KNOXVILLE, Tenn. (WATE) — The University of Tennessee has released a series of security measures that will be put in place at Neyland Stadium in the wake of the trash-throwing incident at the conclusion of the Ole Miss game which caused a 20-minute delay and cost the school $250,000 in fines.
Tennessee leadership released a series of security recommendations that will be put in place immediately as well as several future safety considerations. Additionally, the university is investigating 16 reports of students involved with throwing objects on the field and nine nonstudent attendees have been notified they are ineligible to attend any Tennessee athletics events for the remainder of the 2021-22 academic and athletic year.
Student guest tickets for the Nov. 13 Georgia game will be prohibited. Additional security personnel will be positioned throughout the student seating sections, including three per aisle, wearing high-visibility shirts.
Police presence will be increased in the portal areas near the student seating sections along with enhanced metal detectors at student gates.
Bottle caps will be removed from beverages in some concession stands.
All students purchasing tickets will be required to commit to following the UT and SEC Fan Code of Conduct. Signage encouraging sportsmanship and reporting misconduct will be posted in the stadium as well as in-game public address announcements will be made.
In a letter to SEC Commissioner Greg Sankey, athletics director Danny White said an internal review determined the in-venue alcohol service plan for Neyland Stadium was in compliance with the SEC’s game management policy on alcohol.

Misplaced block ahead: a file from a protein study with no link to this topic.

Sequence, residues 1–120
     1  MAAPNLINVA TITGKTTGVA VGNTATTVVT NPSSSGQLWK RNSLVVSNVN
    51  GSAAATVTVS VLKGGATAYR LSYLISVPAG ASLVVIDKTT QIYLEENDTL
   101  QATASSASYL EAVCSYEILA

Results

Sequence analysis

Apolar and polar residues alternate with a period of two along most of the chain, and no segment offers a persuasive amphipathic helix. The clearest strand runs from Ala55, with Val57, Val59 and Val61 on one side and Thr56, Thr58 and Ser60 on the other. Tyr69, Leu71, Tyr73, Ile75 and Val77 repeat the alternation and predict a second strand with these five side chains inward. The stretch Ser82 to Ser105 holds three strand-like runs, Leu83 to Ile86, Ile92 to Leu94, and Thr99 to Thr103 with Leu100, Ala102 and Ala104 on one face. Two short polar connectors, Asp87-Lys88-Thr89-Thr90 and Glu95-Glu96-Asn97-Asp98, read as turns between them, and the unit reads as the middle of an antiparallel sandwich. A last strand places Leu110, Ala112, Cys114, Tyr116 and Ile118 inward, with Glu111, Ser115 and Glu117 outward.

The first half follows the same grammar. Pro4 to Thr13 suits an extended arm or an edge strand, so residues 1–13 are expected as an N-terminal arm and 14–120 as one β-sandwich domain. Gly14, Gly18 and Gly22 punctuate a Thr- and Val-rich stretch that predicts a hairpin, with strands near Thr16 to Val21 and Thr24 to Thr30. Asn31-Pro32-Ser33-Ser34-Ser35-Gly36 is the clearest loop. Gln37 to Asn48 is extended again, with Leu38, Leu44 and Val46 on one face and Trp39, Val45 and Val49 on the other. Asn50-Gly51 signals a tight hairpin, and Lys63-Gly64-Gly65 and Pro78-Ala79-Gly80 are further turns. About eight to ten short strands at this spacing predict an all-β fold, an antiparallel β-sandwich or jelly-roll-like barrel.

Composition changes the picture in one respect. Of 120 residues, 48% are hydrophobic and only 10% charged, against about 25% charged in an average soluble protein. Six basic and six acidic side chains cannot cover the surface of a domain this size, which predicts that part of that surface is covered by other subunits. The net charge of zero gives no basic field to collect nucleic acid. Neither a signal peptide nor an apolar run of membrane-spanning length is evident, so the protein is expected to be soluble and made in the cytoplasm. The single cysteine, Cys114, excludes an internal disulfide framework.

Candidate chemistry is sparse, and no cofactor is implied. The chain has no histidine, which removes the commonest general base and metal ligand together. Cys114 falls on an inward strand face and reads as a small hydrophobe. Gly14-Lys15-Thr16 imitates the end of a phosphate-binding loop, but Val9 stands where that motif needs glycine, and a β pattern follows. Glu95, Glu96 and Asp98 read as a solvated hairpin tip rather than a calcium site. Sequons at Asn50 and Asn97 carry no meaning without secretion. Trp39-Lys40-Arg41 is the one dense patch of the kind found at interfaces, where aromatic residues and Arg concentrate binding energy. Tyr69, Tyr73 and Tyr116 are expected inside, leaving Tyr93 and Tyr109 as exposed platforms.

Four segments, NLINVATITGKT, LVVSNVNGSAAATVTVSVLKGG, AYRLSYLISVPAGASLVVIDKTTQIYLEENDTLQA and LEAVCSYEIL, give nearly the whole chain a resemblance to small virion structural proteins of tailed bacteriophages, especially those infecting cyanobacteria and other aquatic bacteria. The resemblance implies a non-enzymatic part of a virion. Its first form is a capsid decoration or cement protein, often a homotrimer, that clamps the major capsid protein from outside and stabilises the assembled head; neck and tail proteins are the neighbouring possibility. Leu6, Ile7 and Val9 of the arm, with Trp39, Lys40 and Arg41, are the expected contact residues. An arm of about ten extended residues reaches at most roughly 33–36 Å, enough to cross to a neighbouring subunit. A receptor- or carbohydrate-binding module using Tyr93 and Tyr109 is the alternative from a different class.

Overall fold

Future considerations will include a general admission seating process for student seating, evaluating potential technology and camera system upgrades, developing a plan to redesign queueing lines at the student gates and reviewing the overall game day and staffing plan.
“While we have been clear in expressing that the conduct of several in attendance on Oct. 16 was unacceptable, Chancellor (Donde) Plowman and I also maintain that such disruptive behavior does not represent our fanbase as a whole. We believe the Southeastern Conference standard of sportsmanship aligns with our university’s Volunteer values, and we are confident that the recommendations outlines in our action plan will effectively aid in the prevention of future incidents.”Vice Chancellor and Director of Athletics Danny White
With just 54 seconds left in the contest, the Oct. 16 game against Ole Miss was delayed roughly 20 minutes as fans threw trash onto the field and caused Tennessee cheerleaders and band members to vacate the field. The game eventually resumed and the Vols had a last-second chance to win the game but lost 31-26.
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Anyone found to have engaged in misconduct at the game will not be eligible to attend any Tennessee athletics events for the remainder of the 2021-22 academic and athletic year.